From strong emerging market exposure to a leading brand among quick-service restaurants, McDonald's (MCD) has unsurprisingly outperformed the market. Since I first wrote my bullish case on the company here, the stock has appreciated by 15.8%, meaningfully beating the S&P 500 by around 560 basis points. Going forward, I expect more upside - albeit, limited - as macro trends improve. In my view and that of the Street generally, Wendy's (WEN) and Yum! Brands (YUM) are exposed to greater risk.
From a multiples perspective, McDonald's is the cheapest of the three. It trades at a respective 19.6x and 17.4x past and forward earnings. Wendy's and Yum! trade at a respective 18.6x and 24.6x forward earnings while offering meaningfully lower dividend yields than their largest competitor. With a dividend yield of 2.8% and a low beta of 0.46, McDonald's not only has the strongest upside amongst the three, it also has the smallest downside.
In light of the growing competition, McDonald's has an almost seductive the-winner-takes-all story going for it. Major footholds in key locations, coupled with loyal demand, drive sustainable free cash flow. At the third quarter earnings call, Wendy's CEO, Emil Brolick, noted the increasingly challenging industry.
"Those obvious change to all of us is the evolution that we've seen in the competitive and consumer environment. Quick-serve restaurants, I call them the new QSRs, have surged to success in the past 10 years. Why? I believe that they have demonstrated to consumers that they offer a superior overall experience to that of many old-line traditional QSRs. Specifically, they offer high-quality food, as well as food transparency or food with integrity, as some would call it. They offer a better restaurant environment and they have restaurant teams that represent the brands extremely well.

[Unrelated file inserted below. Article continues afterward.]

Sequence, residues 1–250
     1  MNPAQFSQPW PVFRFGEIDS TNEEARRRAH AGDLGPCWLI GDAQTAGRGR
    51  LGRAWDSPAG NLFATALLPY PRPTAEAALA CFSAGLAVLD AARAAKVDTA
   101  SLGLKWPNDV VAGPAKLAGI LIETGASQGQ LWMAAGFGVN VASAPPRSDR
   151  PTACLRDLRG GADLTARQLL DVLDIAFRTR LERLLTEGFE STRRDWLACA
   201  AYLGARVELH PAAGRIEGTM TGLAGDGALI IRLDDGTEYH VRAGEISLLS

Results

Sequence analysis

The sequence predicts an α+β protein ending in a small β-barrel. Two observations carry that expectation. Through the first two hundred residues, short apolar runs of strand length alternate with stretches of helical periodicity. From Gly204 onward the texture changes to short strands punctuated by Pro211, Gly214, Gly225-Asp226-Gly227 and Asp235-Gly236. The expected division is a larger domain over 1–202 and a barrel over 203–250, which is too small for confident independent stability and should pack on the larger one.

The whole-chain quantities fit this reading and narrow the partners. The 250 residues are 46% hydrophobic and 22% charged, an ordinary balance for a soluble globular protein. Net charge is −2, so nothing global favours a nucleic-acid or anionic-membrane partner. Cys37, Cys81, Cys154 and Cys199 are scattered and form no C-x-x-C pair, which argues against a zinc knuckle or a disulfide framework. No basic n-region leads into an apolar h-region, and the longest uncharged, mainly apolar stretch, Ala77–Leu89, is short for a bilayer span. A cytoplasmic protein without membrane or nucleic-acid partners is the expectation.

The bottom line is that they offer a better total experience and many would say, a better overall value. The success of the new QSRs is unmistakable as they have accounted for 80% of QSR growth since 2005 and 100% of growth if you eliminate breakfast. So, yes, the competitive set has changed significantly. We understand this, and we are confident that we can successfully build our brand, build sales and build profits in this new environment".
Buoyed up by "Dave's Hot n' Juicy" burger, October sales for the fourth quarter were quite strong. Even still, as advertising has declined, same-store sales have slowed. Franchisees are also noting margin erosion from higher food prices, particularly in ground beef. While the choice for the CEO was well done, I am skeptical about the store remodeling in 2012. It is crucial that the company differentiate itself as a premium competitor to McDonald's, but consumer preferences are unpredictable. If the success of previous launches are any indication, however, investors should be optimistic about the focus on product creation.
Consensus estimates for Wendy's EPS are that it will grow by 7.1% to $0.15 in 2011 and then by 46.7% and 27.3% in the following two years. Assuming a multiple of 20x and 2012 EPS that is 9.1% below consensus, the stock would fall by 22.2%. Note that analysts are historically around 11% overly bullish with estimates. With this in mind, I solidly recommend holding out.
A much more attractive pick exists in McDonald's. In almost every key company, the restaurant chain has a leading market share. And with Yum having more units globally, the potential for growth is significant. In Japan, McDonald's had same-store sales of 5% - far above expectations. Over the last five years, management has expanded operating margins by more than 1,000 basis points and thus has a track record that instills investors with confidence that it can get through a double dip and soar in a recovery.
Consensus estimates for McDonald's EPS are that it will grow by 13.4% to $5.23 in 2011 and then by 9.6% and 9.9% in the following two years. Assuming a multiple of 19x and a conservative 2012 EPS of $5.65, the rough intrinsic value of the stock is $107.35, implying 7.7% upside. This may not be the greatest reward, but it comes with limited downside and a near "strong buy" rating on the Street.